At the present term, on October 14, 1907, a stipulation of counsel was filed, adding to the record as omitted matter the petition for a writ of error from the supreme court of the territory, the assignment of errors, the writ of error, the motion to quash the said writ of error, and the so-called judgment of September 27, 1907, quashing the same, to which we have previously referred.
With these facts in mind, we come to consider the controversy. At the outset, we must dispose of the motion to dismiss, which we have previously said was made at the October term, 1906, and was postponed to the hearing on the merits.
As, on its face, the writ of error in terms is directed to the supposed judgment of the Supreme Court of Hawaii rendered March 8, 1904, disposing of the case on exceptions, and there is no pretense of the existence of a federal question among the issues arising on the exceptions, it is obvious that, as a result of the decision in Harrison v. Magoon, supra, we are without jurisdiction to review by writ of error the judgment to which the writ runs. But, although the writ of error is specifically addressed to the judgment of March 8, 1904, and all the grounds previously urged to maintain jurisdiction have been determined to be untenable, it is now pressed that there is jurisdiction upon other and different grounds which are, in fact wholly incompatible with those previously taken. Let us consider these grounds.
It is urged that the Supreme Court of Hawaii did not render a judgment in 1904, and, indeed, it is asserted that that court had no power to render a judgment in passing on a case
taken up on exceptions. The claim therefore really is that, although the judgment to which the writ of error is in terms addressed was no judgment, yet the writ should be sustained. Aside from the contradiction, this contention must rest upon on one of two assumptions: 1st. That there was no final judgment susceptible of being reviewed by a writ of error until June 8, 1905, when, it is asserted, a judgment arose for the first time by the making of an order by the trial court, directing the clerk to sign nunc pro tunc the judgment which had been previously prepared by the clerk in pursuance of the express order of the court, in consequence of the verdict of the jury. Although this judgment was not only written up in 1903, but was indorsed filed on January 29, 1903, the argument is that, as it was not signed on its face by the clerk when it was so filed, it could not take effect as a judgment until the date of the actual signing on its face by that officer as a consequence of the nunc pro tunc order. 2d. That this writ of error must be treated, despite its terms, as if it were addressed to the action of the Supreme Court of Hawaii in quashing the writ of error on August 13, 1906.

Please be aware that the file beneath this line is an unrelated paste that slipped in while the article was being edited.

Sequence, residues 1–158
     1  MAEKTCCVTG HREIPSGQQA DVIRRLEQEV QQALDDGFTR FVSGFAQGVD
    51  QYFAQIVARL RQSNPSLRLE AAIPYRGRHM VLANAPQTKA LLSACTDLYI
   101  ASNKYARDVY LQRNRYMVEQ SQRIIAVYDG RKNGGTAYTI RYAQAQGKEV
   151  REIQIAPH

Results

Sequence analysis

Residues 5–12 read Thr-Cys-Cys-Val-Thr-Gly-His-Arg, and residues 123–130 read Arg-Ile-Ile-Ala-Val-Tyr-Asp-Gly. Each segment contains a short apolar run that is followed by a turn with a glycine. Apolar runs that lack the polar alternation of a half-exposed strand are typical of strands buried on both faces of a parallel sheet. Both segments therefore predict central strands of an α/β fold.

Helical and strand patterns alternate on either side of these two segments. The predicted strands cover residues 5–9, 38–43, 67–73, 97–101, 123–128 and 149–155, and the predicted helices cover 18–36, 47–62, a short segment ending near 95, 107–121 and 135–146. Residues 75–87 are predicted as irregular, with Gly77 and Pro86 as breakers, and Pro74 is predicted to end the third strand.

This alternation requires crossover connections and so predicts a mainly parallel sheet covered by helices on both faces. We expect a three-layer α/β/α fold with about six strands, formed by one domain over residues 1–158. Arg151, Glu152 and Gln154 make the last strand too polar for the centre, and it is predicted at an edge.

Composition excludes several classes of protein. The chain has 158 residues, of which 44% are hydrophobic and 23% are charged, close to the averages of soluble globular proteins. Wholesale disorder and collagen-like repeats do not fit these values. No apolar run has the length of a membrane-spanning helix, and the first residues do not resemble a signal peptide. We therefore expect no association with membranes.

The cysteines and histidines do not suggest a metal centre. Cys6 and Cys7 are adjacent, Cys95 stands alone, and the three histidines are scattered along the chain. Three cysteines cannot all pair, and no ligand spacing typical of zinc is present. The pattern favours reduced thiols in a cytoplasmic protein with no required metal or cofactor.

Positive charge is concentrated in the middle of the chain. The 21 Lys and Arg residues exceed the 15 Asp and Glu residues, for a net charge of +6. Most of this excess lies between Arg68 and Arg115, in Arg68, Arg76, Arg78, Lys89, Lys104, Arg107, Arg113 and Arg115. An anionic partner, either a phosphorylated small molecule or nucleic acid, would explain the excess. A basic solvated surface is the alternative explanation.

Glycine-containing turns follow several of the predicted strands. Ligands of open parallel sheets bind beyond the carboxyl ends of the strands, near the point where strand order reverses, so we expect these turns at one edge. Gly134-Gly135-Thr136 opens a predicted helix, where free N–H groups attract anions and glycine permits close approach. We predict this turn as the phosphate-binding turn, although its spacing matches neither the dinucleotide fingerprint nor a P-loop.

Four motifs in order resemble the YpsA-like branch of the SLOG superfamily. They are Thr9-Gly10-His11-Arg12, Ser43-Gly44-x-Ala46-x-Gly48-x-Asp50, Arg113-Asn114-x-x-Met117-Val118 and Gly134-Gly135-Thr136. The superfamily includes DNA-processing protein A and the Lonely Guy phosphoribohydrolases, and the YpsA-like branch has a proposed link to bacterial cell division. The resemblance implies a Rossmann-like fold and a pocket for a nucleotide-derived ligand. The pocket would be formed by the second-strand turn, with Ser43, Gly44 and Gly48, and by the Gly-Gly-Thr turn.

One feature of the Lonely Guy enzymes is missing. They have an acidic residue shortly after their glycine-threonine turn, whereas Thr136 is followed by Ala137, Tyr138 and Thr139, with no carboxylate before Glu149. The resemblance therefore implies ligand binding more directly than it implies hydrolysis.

In considering the first proposition, it is to be observed that there is nothing in the record disclosing any ruling by the trial court concerning the order for the signature nunc pro tunc of the judgment, or any exception taken to such a ruling. We say this because, leaving out of view some allusions made to the subject in the opinion of the supreme court of the territory quashing the writ, the only reference to these matters is found in recitals contained in the application to the Supreme Court of Hawaii for a writ of error, which was stipulated into the record long after the writ in this case was allowed and the record filed here. But, waiving any infirmity and assuming that we may look at mere recitals in the petition for the writ of error from the supreme court of the territory, the situation, if the contentions be well founded, is then this -- that the only judgment susceptible of being reviewed was one which, it was claimed, was entered in the trial court in connection with the nunc pro